Variance is a measure of how much the values in a data set differ from the mean (average) value. It is a measure of the spread or dispersion of the data.

The formula to calculate the variance of a data set is:

$\sigma^2 = \frac{\sum_{i=1}^{n} (x_i - \mu)^2}{n}$

Where:

- $\sigma^2$ = variance
- $x_i$ = individual data values
- $\mu$ = mean of the data set
- $n$ = number of data values

To calculate the variance, follow these steps:

- Find the mean of the data set.
- Subtract the mean from each data value, then square the result.
- Find the sum of all the squared differences.
- Divide the sum by the number of data values to get the variance.

Properties of Variance:

- Variance is always non-negative.
- If all the data values are identical, the variance is 0.
- If the data values are spread out, the variance is high.

It's important to understand variance because it helps in understanding the data distribution and making decisions based on the variability of the data.

Study Guide:

- Understand the concept of mean and how it is calculated.
- Learn the formula for variance and understand each component of the formula.
- Practice calculating variance for different data sets.
- Understand the properties and significance of variance in real-world scenarios.
- Work on solving problems and applying variance in different contexts.

By understanding and practicing variance, you'll be able to analyze and interpret the spread of data in a meaningful way.

.Study GuideSimilarity and scale Worksheet/Answer key

Similarity and scale Worksheet/Answer key

Similarity and scale Worksheet/Answer key

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Number and Operations (NCTM)

Understand numbers, ways of representing numbers, relationships among numbers, and number systems.

Understand and use ratios and proportions to represent quantitative relationships.

Compute fluently and make reasonable estimates.

Develop, analyze, and explain methods for solving problems involving proportions, such as scaling and finding equivalent ratios.

Geometry (NCTM)

Analyze characteristics and properties of two- and three-dimensional geometric shapes and develop mathematical arguments about geometric relationships.

Understand relationships among the angles, side lengths, perimeters, areas, and volumes of similar objects.

Create and critique inductive and deductive arguments concerning geometric ideas and relationships, such as congruence, similarity, and the Pythagorean relationship.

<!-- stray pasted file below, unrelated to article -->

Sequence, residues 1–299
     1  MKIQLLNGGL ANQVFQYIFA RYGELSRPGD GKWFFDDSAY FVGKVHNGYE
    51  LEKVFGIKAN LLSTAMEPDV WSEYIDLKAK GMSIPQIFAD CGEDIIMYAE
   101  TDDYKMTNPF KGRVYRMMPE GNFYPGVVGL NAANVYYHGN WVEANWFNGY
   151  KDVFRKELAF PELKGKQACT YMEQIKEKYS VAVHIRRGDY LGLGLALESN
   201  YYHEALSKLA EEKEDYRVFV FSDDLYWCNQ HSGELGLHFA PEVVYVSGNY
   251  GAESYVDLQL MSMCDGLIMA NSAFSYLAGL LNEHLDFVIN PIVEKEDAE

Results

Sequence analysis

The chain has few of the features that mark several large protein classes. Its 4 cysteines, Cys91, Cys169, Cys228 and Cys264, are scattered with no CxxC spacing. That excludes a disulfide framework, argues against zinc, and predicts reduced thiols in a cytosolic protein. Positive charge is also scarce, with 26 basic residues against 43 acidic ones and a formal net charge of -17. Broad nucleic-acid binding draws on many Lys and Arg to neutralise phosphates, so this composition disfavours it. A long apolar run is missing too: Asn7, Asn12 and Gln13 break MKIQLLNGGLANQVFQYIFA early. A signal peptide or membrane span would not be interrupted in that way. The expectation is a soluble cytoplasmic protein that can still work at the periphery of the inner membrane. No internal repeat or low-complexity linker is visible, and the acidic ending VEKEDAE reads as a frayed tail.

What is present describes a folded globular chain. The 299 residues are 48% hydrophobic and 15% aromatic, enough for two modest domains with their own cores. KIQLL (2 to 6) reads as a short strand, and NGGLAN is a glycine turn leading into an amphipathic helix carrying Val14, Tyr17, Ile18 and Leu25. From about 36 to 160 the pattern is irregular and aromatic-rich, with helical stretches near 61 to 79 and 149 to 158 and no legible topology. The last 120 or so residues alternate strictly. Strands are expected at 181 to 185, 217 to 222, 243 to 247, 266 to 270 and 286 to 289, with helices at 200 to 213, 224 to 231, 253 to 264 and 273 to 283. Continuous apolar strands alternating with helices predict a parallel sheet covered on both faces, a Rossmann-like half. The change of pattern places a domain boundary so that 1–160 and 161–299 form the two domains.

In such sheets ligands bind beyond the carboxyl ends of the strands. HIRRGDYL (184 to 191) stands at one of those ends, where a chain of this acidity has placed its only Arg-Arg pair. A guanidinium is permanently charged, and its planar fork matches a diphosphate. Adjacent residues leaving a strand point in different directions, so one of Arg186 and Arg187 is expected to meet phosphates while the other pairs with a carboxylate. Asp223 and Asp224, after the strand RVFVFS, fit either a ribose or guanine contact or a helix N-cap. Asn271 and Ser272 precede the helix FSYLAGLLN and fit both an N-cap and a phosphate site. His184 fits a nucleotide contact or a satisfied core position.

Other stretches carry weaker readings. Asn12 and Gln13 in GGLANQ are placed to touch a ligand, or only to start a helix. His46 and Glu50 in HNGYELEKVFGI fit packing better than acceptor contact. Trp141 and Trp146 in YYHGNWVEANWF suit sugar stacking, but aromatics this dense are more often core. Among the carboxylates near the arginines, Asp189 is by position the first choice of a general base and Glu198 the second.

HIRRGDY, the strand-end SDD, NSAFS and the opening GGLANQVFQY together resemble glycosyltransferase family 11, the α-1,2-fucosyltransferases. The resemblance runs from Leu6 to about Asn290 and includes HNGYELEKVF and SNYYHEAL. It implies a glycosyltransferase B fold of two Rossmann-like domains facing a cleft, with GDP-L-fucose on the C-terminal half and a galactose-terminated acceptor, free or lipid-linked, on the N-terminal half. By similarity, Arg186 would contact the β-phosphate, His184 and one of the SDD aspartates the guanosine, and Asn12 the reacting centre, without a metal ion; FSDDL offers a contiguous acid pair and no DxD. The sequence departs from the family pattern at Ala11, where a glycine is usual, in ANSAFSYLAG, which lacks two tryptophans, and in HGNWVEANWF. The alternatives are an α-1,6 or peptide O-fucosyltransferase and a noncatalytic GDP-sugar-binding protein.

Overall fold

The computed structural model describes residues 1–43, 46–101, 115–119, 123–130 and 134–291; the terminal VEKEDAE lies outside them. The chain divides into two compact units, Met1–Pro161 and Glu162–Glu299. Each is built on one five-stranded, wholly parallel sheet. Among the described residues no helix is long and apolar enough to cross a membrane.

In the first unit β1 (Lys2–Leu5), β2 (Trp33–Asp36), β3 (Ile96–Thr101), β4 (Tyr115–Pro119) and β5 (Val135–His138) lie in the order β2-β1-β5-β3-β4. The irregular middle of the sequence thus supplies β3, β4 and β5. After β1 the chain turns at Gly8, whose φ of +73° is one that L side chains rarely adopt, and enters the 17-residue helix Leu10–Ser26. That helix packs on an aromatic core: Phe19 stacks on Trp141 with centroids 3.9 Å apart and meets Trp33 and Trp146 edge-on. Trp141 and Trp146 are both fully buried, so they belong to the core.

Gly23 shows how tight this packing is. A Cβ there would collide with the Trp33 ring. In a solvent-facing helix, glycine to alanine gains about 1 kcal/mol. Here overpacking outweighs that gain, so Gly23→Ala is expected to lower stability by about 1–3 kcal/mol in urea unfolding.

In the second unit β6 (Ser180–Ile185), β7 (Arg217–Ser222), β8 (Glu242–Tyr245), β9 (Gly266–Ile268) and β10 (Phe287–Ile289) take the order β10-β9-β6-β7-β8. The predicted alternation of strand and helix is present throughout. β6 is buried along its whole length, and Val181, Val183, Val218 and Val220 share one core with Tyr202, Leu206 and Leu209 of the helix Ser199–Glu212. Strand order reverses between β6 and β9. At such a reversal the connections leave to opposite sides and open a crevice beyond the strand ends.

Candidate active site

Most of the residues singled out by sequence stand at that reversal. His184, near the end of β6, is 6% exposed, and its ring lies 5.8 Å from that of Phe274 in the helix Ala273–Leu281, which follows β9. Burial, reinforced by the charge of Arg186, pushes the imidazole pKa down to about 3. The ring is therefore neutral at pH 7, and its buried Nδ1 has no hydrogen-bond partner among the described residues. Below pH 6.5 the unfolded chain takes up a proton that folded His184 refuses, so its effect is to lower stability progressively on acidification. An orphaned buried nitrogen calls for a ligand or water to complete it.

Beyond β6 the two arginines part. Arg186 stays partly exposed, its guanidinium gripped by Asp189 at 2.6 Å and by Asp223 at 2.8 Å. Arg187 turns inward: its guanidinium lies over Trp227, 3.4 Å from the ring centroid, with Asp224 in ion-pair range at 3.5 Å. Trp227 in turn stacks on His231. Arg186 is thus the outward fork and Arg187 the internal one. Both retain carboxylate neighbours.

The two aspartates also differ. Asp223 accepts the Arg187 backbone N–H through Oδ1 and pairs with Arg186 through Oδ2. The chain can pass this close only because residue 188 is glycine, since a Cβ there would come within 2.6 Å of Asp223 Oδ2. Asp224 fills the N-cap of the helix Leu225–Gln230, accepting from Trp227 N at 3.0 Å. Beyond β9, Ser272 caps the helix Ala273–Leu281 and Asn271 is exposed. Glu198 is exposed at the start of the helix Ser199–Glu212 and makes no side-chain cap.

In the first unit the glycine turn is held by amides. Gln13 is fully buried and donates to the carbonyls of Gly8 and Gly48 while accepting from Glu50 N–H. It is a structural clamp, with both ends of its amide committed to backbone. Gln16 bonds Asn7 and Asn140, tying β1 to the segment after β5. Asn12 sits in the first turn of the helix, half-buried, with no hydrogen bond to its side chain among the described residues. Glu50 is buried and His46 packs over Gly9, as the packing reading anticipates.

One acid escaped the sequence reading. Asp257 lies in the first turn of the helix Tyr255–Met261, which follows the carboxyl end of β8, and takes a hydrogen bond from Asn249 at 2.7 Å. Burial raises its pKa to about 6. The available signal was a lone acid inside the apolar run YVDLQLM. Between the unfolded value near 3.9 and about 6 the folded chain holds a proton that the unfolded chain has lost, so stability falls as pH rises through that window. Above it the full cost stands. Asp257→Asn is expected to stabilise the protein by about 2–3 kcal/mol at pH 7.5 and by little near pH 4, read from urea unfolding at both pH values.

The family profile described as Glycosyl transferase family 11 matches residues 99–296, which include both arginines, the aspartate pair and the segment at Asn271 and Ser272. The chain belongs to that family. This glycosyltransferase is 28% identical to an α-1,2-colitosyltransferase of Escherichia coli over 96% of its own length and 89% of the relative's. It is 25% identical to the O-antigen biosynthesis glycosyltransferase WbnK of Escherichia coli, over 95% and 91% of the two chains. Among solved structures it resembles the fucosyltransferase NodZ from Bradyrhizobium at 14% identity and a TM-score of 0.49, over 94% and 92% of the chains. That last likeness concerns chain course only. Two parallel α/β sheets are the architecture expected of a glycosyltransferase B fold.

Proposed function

Apply transformations and use symmetry to analyze mathematical situations.

Describe sizes, positions, and orientations of shapes under informal transformations such as flips, turns, slides, and scaling.

Measurement (NCTM)

Apply appropriate techniques, tools, and formulas to determine measurements.

Solve problems involving scale factors, using ratio and proportion.

Grade 8 Curriculum Focal Points (NCTM)

Geometry and Measurement: Analyzing two- and three-dimensional space and figures by using distance and angle

Students use fundamental facts about distance and angles to describe and analyze figures and situations in two- and three-dimensional space and to solve problems, including those with multiple steps. They prove that particular configurations of lines give rise to similar triangles because of the congruent angles created when a transversal cuts parallel lines. Students apply this reasoning about similar triangles to solve a variety of problems, including those that ask them to find heights and distances. They use facts about the angles that are created when a transversal cuts parallel lines to explain why the sum of the measures of the angles in a triangle is 180 degrees, and they apply this fact about triangles to find unknown measures of angles. Students explain why the Pythagorean Theorem is valid by using a variety of methods - for example, by decomposing a square in two different ways. They apply the Pythagorean Theorem to find distances between points in the Cartesian coordinate plane to measure lengths and analyze polygons and polyhedra.